This week on Between You and Me we talk food allergies and food preferences. What's yours? firstname.lastname@example.org Here's Guido's story...
by Steve Downing
by Steve Downing
For three-plus decades, my weekday lunch has not varied: a sandwich, on burned toast or a bagel, consisting of peanut butter, pickle and tomato. I’m sure I’m not the only one who favors this combo, but I have yet to meet a soul who doesn’t give me the total-face-wrinkle and some sort of vocalized rebuke when they hear about my blackened bread, peanut butter, pickle, and tomato sandwich. I’m okay with that. Or was.
I recently had a full one-on-one Ayurvedic counseling session in Minneapolis, during which I learned (among many other things) that I should not be eating peanut butter, pickles or tomatoes, and the only bread I should eat ought to be yeast-free.
I kidded my counselor that this gave me license to switch to potato chips and beer for lunch. I was joking and she laughed, but neither of us was amused. I suppose I’d gone into immediate denial-anger-depression about my lunch, and she was probably feeling a little defensive about Ayurveda. We both recovered quickly, I’m happy to report, and the session was back on track.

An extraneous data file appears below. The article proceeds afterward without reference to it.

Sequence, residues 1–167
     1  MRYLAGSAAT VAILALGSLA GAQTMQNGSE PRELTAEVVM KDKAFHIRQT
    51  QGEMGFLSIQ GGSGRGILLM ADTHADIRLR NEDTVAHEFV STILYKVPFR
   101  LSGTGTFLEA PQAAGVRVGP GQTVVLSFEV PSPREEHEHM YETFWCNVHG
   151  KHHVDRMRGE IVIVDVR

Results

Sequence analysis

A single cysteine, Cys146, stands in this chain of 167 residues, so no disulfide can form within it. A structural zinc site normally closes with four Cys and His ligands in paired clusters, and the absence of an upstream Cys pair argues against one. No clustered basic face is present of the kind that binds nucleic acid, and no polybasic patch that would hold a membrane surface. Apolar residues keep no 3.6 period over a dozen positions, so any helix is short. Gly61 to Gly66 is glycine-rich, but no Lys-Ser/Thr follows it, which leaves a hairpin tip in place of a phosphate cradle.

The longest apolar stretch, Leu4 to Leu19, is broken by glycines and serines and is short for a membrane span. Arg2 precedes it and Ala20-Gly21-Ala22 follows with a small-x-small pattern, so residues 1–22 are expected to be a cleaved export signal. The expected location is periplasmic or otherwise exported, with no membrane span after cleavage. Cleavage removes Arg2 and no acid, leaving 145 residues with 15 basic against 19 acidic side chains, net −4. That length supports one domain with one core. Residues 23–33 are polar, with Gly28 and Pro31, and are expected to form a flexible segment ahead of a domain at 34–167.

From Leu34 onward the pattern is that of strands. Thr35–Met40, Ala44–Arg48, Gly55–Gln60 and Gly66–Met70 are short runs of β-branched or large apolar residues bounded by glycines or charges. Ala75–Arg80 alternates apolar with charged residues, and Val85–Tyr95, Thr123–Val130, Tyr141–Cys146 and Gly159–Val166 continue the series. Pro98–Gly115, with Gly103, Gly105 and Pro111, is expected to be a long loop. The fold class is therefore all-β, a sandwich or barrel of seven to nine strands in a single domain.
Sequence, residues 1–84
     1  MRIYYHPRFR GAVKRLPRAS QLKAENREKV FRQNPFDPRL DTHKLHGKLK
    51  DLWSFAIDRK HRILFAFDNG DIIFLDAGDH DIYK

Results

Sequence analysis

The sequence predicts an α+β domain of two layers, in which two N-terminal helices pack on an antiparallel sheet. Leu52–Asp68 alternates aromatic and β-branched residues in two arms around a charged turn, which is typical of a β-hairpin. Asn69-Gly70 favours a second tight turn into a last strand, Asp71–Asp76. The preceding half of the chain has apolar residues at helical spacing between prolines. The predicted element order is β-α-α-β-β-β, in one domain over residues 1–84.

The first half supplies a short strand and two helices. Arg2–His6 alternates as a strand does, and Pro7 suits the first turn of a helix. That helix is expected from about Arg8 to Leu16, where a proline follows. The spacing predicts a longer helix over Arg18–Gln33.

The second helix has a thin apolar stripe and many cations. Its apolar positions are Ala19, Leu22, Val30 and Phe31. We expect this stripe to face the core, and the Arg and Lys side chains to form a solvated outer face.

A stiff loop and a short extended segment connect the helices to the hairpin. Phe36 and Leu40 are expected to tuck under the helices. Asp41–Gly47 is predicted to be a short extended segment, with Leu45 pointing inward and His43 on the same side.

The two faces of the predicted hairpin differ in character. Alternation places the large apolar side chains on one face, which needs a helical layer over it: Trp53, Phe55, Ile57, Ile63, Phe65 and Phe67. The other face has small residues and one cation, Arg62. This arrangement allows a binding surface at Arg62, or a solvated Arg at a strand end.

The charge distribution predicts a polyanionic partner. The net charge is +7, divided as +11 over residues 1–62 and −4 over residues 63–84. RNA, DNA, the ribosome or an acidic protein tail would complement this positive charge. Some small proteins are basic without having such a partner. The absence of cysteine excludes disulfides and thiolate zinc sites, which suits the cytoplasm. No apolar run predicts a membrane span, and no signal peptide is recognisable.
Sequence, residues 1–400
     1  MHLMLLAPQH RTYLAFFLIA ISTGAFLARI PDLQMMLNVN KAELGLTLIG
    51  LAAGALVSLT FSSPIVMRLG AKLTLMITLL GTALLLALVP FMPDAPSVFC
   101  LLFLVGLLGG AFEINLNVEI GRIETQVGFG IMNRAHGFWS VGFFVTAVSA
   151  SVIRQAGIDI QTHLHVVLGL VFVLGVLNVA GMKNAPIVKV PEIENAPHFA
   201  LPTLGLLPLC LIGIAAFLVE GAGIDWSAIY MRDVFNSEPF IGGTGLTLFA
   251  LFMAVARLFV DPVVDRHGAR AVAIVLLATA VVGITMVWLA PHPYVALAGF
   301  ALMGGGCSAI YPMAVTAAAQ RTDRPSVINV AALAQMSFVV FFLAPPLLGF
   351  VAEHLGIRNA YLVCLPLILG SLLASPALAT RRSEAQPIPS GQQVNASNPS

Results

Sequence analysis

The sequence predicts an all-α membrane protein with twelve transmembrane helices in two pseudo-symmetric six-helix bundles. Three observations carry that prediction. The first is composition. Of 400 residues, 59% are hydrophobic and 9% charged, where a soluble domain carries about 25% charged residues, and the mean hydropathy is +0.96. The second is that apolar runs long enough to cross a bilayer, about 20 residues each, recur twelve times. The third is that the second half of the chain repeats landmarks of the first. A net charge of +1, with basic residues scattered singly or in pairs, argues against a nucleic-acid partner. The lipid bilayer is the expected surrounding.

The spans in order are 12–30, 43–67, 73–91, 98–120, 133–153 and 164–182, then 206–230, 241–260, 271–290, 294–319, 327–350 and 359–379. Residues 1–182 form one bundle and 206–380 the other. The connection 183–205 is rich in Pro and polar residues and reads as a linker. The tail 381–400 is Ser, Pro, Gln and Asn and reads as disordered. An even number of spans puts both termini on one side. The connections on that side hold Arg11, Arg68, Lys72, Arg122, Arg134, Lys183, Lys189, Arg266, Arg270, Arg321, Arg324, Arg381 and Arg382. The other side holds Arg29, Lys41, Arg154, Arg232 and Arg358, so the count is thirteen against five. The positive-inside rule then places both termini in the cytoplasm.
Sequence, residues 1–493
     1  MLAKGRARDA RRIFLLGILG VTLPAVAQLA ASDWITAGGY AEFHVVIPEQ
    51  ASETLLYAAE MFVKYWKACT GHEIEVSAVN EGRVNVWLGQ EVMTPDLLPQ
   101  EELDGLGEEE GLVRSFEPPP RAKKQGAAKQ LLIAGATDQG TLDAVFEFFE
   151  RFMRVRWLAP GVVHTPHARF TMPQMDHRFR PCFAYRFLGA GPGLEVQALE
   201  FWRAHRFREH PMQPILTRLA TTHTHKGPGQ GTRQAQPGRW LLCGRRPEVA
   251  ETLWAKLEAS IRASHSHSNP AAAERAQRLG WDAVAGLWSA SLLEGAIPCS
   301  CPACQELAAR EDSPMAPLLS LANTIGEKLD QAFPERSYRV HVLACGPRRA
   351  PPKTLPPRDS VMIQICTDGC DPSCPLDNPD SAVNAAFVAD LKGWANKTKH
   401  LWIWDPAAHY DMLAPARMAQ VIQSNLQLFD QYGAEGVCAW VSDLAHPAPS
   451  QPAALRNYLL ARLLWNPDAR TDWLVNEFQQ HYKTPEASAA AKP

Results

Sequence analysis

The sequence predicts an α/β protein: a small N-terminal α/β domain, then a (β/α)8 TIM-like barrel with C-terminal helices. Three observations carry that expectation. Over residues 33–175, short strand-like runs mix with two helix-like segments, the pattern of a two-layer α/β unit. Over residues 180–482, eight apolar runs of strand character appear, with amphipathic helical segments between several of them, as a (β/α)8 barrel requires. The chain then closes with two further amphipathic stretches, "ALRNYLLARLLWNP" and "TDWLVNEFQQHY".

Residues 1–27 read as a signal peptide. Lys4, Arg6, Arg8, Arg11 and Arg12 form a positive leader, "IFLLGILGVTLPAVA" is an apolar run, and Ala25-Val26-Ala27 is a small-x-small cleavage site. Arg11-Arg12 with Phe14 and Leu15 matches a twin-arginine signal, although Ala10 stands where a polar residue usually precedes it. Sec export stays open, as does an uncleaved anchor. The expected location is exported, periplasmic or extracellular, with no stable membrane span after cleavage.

Ayurveda is a healing science so old it pre-dates written history, and it accurately predicted enough about me that I’m still marveling. Assessing. Ayurveda predicted my single-mindedness, not to say tunnel vision; I concede I’m no stranger to the odd tunnel. It predicted my sharp, sometimes over-heated cerebral curiosity, with all of the pulse and blood pressure implications therein. It predicted my oily skin. It predicted my wild white hair.
As you see: Ayurveda understood the gene pool millennia before Charles Darwin boarded HMS Beagle and sailed into world fame. You can sidestep much in this life; you will never get out of the way of your genes.
I’ll have more to say about these matters. But first and foremost: what to do about lunch for the next three decades?